• Based in Canada, Asets has launched an AI-powered, first-of-its-kind cloud-based Integrated Design Suite. This multidisciplinary CAD, simulation, and engineering design platform helps Engineering Procurement Construction (EPC) and end-owner companies accelerate their early-stage engineering by 10x. Customers can benefit from the rapid deployment of engineering resources and save time and costs related to engineering projects.

  • Tune AI
  • Tune AI offers a GenAI stack for enterprises, including solutions like Tune Chat, an AI chat app with over 180,000 users, and Tune Studio, a comprehensive solution for fine-tuning, deploying, and managing the Gen AI model lifecycle. These tools also ensure data security with enterprise-grade compliance.

  • Skoob
  • Skoob is a generative AI platform that is revolutionizing the way readers interact with books. Instead of navigating through entire volumes, Skoob uses AI to dissect books into topic-centric sections, making knowledge consumption more intuitive and user-friendly.

  • Arivihan
  • Arivihan is India’s first AI-based 100% automated learning platform, providing personalized tutoring for school students starting at a cost of ₹300 per month. This includes exam planning, video lectures, instant query resolution, and self-paced learning.

  • Meritic
  • Meritic is a storytelling co-pilot for financial planning and analysis (FP&A) teams, automating reporting and business analytics. Through the use of knowledge graphs and language models, Meritic can perform highly contextual analysis, collect qualitative insights, generate commentaries, and automate financial deck creation.

    (Two startups in the cohort remain in stealth mode for now.)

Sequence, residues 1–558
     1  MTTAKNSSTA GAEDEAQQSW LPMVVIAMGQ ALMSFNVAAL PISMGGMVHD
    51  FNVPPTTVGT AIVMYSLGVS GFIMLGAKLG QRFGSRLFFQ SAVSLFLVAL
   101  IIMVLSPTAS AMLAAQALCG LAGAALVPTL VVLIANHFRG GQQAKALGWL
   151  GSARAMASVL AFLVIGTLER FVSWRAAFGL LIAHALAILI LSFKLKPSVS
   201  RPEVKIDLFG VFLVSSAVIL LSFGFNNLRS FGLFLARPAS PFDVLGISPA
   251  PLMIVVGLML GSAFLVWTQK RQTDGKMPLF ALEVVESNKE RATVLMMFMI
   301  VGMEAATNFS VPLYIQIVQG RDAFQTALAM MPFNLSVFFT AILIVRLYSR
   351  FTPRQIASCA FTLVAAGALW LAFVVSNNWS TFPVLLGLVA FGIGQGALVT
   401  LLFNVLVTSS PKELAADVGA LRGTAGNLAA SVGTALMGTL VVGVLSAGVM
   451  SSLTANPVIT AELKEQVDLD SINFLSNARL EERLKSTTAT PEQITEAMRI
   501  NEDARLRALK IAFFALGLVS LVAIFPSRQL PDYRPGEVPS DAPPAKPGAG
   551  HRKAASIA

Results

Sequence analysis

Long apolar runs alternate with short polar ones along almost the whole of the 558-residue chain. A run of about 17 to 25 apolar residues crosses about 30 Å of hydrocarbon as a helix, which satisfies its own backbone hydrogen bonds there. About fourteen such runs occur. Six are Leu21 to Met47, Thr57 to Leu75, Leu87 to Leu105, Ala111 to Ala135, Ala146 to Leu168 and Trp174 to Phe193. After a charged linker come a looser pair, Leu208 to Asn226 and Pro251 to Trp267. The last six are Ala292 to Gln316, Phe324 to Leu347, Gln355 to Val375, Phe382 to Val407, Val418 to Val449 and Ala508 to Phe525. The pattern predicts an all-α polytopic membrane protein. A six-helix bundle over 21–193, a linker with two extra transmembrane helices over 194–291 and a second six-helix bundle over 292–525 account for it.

Accel handpicked AI and Industry 5.0 as the themes for Atoms because they believe these two sectors will significantly increase in size over the next decade, according to Barath Subramanian, the other partner leading Atoms.

Subramanian explained that Industry 5.0 has emerged as a key theme because many archaic plants in India and around the world are finally modernizing. This creates opportunities for startups to bring efficiency to this industry and take a slice of the billions of dollars that companies currently spend on consulting firms and others each year. “These factories generate a lot of data, but it hasn’t been utilized until now,” Subramanian added.

The industry has also benefited from the Indian government’s policies and incentives to attract foreign firms to expand their manufacturing bases in the country. Additionally, the trend of “China +1” among global giants has further boosted this sector’s potential for growth.

More than 800 startups applied to be a part of Atoms 3.0, with almost 300-400 of them being AI startups. Swaroop revealed that nearly two-thirds of all pitches were focused on AI solutions for HR and marketing problems. “There’s too much noise in the market, and it’s a sign for us to shift our focus elsewhere,” he said.

“Beyond the capital and learning sessions, being part of Atoms has given us a strong founder community and highly collaborative peer group – for instance, when Meritic is faced with a challenge, we can turn to any other team at Accel LaunchPad, or to anyone from Accel’s network of over 200 portfolio company founders, to arrive at a solution,” said Pallavi Chakravorty, co-founder and CEO of Meritic, in a statement.

“The Founder Anonymous sessions have helped us open up to the cohort in an unfiltered manner, and the GTM talks have been instrumental in shaping our B2B sales strategy,” Chakravorty added.

Avatar photo
Max Chen

Max Chen is an AI expert and journalist with a focus on the ethical and societal implications of emerging technologies. He has a background in computer science and is known for his clear and concise writing on complex technical topics. He has also written extensively on the potential risks and benefits of AI, and is a frequent speaker on the subject at industry conferences and events.

Articles: 832

Leave a Reply

Your email address will not be published. Required fields are marked *